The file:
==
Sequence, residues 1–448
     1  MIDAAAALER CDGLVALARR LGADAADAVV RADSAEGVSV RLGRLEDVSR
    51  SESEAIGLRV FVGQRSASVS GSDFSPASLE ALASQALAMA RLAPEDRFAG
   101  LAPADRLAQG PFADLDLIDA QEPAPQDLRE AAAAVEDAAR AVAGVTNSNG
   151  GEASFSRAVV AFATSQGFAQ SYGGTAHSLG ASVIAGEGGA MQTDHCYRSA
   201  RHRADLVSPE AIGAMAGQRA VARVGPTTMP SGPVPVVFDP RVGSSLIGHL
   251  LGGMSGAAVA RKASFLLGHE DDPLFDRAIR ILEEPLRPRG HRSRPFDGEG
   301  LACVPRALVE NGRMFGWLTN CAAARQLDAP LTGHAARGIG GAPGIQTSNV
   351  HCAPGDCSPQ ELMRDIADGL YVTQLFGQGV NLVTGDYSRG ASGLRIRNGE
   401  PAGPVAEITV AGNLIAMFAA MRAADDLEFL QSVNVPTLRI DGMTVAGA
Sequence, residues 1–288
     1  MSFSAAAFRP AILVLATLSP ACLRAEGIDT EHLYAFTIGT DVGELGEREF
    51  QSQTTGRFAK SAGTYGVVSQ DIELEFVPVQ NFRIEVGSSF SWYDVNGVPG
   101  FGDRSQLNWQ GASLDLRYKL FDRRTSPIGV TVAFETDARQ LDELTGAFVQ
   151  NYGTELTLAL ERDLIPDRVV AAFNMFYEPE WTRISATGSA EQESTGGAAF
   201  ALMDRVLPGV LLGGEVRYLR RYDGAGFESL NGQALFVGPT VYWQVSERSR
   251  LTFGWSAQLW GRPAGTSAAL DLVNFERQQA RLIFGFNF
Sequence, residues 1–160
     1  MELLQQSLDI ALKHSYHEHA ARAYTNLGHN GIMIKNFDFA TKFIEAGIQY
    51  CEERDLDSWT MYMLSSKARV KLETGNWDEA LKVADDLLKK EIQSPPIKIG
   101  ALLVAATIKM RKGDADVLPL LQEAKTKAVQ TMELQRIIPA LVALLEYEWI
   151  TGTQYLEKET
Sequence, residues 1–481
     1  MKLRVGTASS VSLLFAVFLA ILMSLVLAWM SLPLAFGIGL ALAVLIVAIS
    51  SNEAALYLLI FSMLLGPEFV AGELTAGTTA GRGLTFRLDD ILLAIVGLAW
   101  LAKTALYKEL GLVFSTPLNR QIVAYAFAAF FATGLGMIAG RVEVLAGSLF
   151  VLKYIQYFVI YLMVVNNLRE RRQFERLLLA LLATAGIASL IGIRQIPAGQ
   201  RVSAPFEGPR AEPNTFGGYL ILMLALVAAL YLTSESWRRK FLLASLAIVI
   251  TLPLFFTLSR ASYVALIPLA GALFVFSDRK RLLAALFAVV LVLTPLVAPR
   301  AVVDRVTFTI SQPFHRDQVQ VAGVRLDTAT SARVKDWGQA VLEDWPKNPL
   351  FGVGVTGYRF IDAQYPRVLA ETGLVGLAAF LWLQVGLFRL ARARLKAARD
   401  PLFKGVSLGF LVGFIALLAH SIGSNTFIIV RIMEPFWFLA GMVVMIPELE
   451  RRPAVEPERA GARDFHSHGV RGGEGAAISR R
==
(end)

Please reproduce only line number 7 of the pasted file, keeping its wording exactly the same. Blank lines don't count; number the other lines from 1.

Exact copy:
   251  LGGMSGAAVA RKASFLLGHE DDPLFDRAIR ILEEPLRPRG HRSRPFDGEG